Intel and the I9xx chipset series has been one of great controversy. Intel's known loathing of the whole overclocking scene is well documented. First removing the tried and true overclocking method of changing multipliers by locking its sixth generation CPU Pentium II and Celeron line, the only way was to increase the FSB. For nearly two years this has been the method for increasing system performance, with memory modules gaining in speed, PCI and AGP divider locks to keep the most sensitive buses in check really left only the CPU and the memory as the overclocking bottlenecks. DDR-550 memory from OCZ, Mushkin and various other manufacturers out there eliminated the memory as the problem, now in order to remove overclocking once again, Intel has thrown a spanner in the works, as we say Down Under.
The Intel I9xx chipsets lack the basic clock locks to keep the PCI, PCI Express, Hub link and the SATA clocks within their respective clock and this results in one or more of the devices on your system to become unstable and remove any chance of overclocking you may have.
This may have been the case with I925X and I915 series, but the I925XE certainly has something different to offer. The I925XE is basically the I925X but with FSB support up to 1066MHz. In order to reach this speed, Intel had to implement a divider option to reduce PCI Express and PCI bus speeds at the 1066MHz FSB level, resulting in the manufacturers being able to get a better manipulation affect on their retail boards for enthusiasts.
Today we have the first retail I925XE motherboard since the Intel Desktop board in our labs, this one is from ASUS. Based on the P5AD2 specifications, ASUS plans to move the bar up on Intel Socket T motherboards. Let's see how they go about it.
PRICING: You can find products similar to this one for sale below.
United States: Find other tech and computer products like this over at Amazon's website.
United Kingdom: Find other tech and computer products like this over at Amazon UK's website.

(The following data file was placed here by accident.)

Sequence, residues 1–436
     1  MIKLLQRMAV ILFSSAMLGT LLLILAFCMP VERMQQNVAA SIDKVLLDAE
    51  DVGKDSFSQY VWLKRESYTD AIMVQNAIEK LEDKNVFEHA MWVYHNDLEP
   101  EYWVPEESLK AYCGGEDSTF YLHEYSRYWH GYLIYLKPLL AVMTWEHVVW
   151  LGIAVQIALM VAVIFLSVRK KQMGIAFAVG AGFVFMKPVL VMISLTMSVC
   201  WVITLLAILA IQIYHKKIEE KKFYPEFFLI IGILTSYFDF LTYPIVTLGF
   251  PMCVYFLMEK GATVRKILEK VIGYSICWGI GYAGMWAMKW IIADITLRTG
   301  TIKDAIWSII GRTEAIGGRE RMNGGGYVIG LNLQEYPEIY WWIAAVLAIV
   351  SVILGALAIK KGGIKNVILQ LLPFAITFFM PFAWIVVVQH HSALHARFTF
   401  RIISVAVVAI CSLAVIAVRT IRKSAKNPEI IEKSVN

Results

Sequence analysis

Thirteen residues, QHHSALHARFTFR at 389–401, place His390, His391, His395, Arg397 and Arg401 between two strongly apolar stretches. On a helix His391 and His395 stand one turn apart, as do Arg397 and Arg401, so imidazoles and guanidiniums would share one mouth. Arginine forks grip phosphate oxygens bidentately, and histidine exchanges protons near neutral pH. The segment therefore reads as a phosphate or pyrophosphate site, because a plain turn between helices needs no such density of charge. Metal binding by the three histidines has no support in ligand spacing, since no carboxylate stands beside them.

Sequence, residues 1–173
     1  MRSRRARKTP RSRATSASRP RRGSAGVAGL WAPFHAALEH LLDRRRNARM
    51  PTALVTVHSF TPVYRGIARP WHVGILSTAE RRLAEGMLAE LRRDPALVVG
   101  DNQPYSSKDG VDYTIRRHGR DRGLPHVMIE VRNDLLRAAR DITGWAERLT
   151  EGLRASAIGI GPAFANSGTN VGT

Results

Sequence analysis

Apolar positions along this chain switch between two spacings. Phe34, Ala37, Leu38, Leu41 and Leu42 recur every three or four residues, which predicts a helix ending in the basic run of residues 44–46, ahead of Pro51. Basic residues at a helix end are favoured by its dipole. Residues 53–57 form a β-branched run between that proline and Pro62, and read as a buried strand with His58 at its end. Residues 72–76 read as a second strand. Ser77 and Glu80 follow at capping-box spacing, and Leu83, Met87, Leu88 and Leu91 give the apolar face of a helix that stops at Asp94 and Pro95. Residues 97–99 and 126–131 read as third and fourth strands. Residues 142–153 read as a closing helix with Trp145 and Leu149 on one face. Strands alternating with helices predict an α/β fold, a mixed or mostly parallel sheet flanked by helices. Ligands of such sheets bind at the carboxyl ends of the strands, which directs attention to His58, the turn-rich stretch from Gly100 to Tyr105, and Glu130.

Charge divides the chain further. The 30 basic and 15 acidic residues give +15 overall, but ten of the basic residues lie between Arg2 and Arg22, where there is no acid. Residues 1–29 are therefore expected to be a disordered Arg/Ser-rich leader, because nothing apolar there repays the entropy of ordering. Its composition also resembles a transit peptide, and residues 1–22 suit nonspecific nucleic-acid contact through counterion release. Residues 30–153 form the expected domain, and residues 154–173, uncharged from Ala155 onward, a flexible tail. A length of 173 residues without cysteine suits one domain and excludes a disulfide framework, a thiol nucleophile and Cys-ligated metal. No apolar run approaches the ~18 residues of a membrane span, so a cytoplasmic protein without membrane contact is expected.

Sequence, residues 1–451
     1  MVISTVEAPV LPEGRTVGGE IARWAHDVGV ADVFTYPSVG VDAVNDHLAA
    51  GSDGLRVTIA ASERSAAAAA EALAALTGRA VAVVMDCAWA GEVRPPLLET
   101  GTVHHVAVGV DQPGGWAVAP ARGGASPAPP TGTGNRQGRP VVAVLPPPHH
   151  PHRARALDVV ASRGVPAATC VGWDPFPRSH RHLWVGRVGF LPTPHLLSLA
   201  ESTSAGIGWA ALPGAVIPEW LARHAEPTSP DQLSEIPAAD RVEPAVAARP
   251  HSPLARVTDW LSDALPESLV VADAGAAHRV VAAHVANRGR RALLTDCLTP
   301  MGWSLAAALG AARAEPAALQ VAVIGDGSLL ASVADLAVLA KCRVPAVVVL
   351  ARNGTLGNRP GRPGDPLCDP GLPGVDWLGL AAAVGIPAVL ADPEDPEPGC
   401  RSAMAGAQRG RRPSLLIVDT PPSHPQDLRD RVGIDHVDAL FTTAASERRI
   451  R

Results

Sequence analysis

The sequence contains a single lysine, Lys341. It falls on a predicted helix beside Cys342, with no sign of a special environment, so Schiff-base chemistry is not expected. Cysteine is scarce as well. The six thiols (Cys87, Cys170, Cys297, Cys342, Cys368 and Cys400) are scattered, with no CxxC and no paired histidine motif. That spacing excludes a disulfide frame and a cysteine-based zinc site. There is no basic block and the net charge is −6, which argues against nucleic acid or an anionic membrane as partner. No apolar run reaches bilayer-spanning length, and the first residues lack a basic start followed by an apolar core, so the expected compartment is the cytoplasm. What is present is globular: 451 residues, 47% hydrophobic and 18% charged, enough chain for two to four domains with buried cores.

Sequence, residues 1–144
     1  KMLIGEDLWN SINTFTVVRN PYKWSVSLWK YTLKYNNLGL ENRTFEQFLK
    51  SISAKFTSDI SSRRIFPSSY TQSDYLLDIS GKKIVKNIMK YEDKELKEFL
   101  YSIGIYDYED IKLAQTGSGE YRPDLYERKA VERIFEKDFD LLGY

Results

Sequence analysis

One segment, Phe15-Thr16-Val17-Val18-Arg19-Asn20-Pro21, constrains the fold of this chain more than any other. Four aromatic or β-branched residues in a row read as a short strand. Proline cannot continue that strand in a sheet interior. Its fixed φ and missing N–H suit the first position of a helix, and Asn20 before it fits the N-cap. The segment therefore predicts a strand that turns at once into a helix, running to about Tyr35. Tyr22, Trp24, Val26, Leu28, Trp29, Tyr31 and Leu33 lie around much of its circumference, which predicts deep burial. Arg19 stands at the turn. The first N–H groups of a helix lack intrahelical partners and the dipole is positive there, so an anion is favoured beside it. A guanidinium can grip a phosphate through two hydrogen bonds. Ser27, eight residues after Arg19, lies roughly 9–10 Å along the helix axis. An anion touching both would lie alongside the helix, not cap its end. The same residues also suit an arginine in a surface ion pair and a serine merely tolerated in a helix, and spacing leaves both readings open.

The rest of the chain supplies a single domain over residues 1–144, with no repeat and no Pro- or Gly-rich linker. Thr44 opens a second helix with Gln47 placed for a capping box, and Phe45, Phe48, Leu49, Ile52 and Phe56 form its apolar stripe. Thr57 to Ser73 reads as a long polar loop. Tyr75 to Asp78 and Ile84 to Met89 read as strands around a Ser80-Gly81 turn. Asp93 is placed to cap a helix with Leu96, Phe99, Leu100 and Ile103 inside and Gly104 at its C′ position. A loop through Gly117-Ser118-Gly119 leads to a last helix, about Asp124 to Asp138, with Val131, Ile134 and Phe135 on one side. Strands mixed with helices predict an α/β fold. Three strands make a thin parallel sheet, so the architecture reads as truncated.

Canada: Find other tech and computer products like this over at Amazon Canada's website.
- ASUS P5AD2-E Premium - Page 1 [Introduction]
- ASUS P5AD2-E Premium - Page 2 [Specifications]
- ASUS P5AD2-E Premium - Page 3 [Features]
- ASUS P5AD2-E Premium - Page 4 [Benchmarks - Test System Setup and SiSoft Sandra]
- ASUS P5AD2-E Premium - Page 5 [Benchmarks - 3DMark03]
- ASUS P5AD2-E Premium - Page 6 [Benchmarks - 3DMark05]
- ASUS P5AD2-E Premium - Page 7 [Benchmarks - PCMark]
- ASUS P5AD2-E Premium - Page 8 [Benchmarks - Doom 3]
- ASUS P5AD2-E Premium - Page 9 [Benchmarks - Half Life 2]
- ASUS P5AD2-E Premium - Page 10 [Benchmarks - Far Cry]
- ASUS P5AD2-E Premium - Page 11 [Final Thoughts]
Recommended for You
- We at TweakTown openly invite the companies who provide us with review samples / who are mentioned or discussed to express their opinion of our content. If any company representative wishes to respond, we will publish the response here.
Latest News Posts
- Destiny 2 trailer shows Cabal invading Last City
- AMD's 12C/24T and 16C/32T CPUs called 'ThreadRipper'
- FMV games are coming back with Late Shift on April 18
- First Dolby Vision 4K Ultra HD Blu-ray discs announced
- AORUS GTX 1080 Ti Xtreme Edition 11G announced
- AnyRactive GoTouch Portable Whiteboard Review
- AORUS GeForce GTX 1080 Xtreme Edition 8G Review
- Cannot get rid of Asus Secure Delete
- NZXT Kraken X52 Liquid CPU Cooler Review
- Window side panel for PC-V1020
- MSI announces frosty limited edition Trident 3 Arctic gaming PC
- ADATA adds the i-Memory AI920 jet black flash drive
- FinalWire releases AIDA64 Extreme 5.90 benchmark software
- ASUS announces support for Intel Optane memory
- Thermaltake releases new View 28 RGB Gull-Wing window ATX mid-tower chassis series with Tt LCS Certified and unique 256-color RGB matrix design